Wealth after y2kgreenspun.com : LUSENET : TimeBomb 2000 (Y2000) : One Thread
After reading these postings for several weeks I have learned that many people put their faith in different standards of exchange. Gold, Silver, Trade goods such as bullets and fish hooks etc etc. History teaches that in times of economic trouble, there is always the hope that times will get better, or they are already better in some other part of the world. Laboring under that philosophy, it made perfect sense for WWII European Jews, for example, to own rare stamps and gems that are easily hidden and are still valuable and liquid. Even in those dark days in Europe, the US greenback was valuable. Why won't the greenback still be valuable in the Y2k? If there is no chance of recovery, only the bullets and fish hooks will have value. You cannot eat or drink something as intrinsic as gold or greenbacks. If there is the expectation of recovery, then US currency will have value, just like gold, stamps, gems etc. I know that the Govt. can print as much money as it wants to, but how much could they print without electricity or computers. How would they distribute the currency? If the Govt. could do all that, then there is still expectation of recovery and currency would still have value. Please share your thoughts.
-- Bill Solorzano (email@example.com), April 21, 1998
I think the answer lies in the fact that during WWII the US dollar was backed by silver - it was a silver certificate. Now the US dollar is backed by nothing. It will be useless.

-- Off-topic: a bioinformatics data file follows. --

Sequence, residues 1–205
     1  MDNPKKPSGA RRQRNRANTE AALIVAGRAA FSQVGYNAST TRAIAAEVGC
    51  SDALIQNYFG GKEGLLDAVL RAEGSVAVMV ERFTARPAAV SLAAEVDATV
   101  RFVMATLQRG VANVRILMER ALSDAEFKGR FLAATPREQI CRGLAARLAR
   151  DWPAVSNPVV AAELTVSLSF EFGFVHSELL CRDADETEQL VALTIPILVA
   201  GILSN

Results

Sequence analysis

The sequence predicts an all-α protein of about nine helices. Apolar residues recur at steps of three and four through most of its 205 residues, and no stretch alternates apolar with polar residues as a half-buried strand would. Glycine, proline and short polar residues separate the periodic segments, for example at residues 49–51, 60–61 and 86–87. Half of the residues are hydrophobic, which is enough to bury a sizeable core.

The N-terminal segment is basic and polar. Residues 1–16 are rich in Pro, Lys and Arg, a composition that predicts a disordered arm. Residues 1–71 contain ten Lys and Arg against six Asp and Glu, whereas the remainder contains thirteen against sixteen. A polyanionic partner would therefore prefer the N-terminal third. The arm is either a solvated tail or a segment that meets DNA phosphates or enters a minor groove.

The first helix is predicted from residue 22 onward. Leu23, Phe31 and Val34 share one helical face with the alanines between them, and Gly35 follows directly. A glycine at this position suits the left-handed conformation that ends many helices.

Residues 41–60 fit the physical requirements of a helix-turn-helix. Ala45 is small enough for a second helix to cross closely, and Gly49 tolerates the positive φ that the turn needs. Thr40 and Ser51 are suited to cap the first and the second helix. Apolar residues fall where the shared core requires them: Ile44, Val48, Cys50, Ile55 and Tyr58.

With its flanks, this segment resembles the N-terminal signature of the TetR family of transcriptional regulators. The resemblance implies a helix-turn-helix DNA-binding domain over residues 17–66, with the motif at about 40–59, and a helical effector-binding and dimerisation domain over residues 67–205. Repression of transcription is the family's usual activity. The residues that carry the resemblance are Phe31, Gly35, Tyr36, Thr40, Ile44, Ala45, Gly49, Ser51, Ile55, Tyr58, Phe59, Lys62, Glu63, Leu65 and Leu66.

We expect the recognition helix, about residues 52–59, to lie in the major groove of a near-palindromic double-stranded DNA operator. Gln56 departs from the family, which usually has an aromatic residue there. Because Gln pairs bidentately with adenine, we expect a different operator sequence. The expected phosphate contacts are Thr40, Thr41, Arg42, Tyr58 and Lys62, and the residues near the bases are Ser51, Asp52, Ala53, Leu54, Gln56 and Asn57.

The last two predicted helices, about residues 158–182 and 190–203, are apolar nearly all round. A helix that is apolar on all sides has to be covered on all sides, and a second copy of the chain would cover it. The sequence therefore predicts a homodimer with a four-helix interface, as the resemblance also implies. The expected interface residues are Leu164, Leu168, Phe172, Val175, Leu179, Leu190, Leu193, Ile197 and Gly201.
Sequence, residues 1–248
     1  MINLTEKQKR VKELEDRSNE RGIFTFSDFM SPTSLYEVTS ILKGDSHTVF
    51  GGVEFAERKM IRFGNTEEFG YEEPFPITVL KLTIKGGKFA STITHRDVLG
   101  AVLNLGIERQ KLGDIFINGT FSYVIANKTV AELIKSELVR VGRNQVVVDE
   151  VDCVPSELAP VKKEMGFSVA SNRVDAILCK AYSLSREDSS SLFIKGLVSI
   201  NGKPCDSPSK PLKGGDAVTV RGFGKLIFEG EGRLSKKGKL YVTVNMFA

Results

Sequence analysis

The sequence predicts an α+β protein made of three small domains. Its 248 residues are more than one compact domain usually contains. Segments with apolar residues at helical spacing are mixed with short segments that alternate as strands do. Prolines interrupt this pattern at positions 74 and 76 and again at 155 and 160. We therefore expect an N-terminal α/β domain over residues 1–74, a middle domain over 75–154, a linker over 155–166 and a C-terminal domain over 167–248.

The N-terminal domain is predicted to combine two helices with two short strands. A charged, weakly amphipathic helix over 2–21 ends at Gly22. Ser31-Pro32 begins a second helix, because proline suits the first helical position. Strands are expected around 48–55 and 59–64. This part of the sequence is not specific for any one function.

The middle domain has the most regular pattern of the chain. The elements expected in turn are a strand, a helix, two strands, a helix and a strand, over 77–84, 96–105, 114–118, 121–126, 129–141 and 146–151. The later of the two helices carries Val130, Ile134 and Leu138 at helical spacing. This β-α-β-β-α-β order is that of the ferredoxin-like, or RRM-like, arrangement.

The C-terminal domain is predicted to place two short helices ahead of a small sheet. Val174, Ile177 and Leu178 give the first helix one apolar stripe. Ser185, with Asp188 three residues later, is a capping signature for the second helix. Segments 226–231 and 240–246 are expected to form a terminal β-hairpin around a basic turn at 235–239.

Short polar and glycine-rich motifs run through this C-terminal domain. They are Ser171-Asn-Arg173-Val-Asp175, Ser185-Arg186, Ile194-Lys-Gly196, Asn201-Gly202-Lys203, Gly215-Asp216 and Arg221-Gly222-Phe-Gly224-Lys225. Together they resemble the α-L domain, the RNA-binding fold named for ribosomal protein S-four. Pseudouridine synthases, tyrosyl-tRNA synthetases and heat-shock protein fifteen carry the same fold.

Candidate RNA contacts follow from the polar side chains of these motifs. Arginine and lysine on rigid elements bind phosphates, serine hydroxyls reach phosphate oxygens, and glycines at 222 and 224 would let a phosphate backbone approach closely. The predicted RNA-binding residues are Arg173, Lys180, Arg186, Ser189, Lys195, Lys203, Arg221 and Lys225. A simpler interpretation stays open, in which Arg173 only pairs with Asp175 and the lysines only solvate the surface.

-- Rebecca Kutcher (firstname.lastname@example.org), April 21, 1998.
Rebeccah, don't forget what you can wipe with'em!
-- grant (email@example.com.), April 21, 1998.
Thnaks Grant. I was tempted to write something along those lines in my earlier post. I'm glad someone else did.
-- Rebecca Kutcher (firstname.lastname@example.org), April 22, 1998.
I like to think alond broader lines ...
I'm not only stockpiling precious metals, I'm buying cigarettes, alcohol, toilet paper, tampons, nylon stockings and so forth as trade goods.
Basically, I'm using WWII-era black markets as a guide. A lot of guys did fairly well by trading such things.
-- "John Smith" (email@example.com), April 22, 1998.
I believe one of the most valuable things ( besides food and water ) after the potential y2k disaster is knowledge. Learn what you can now as part of your preparations. Buy a few good books on a number of useful subjects, like carpentry, plumbing, first aid etc.
As far as precious metals and trade goods go; I believe people should probably have some of both.
-- Frank Anderson, Jr (Zanazaz@AOL.com), April 22, 1998.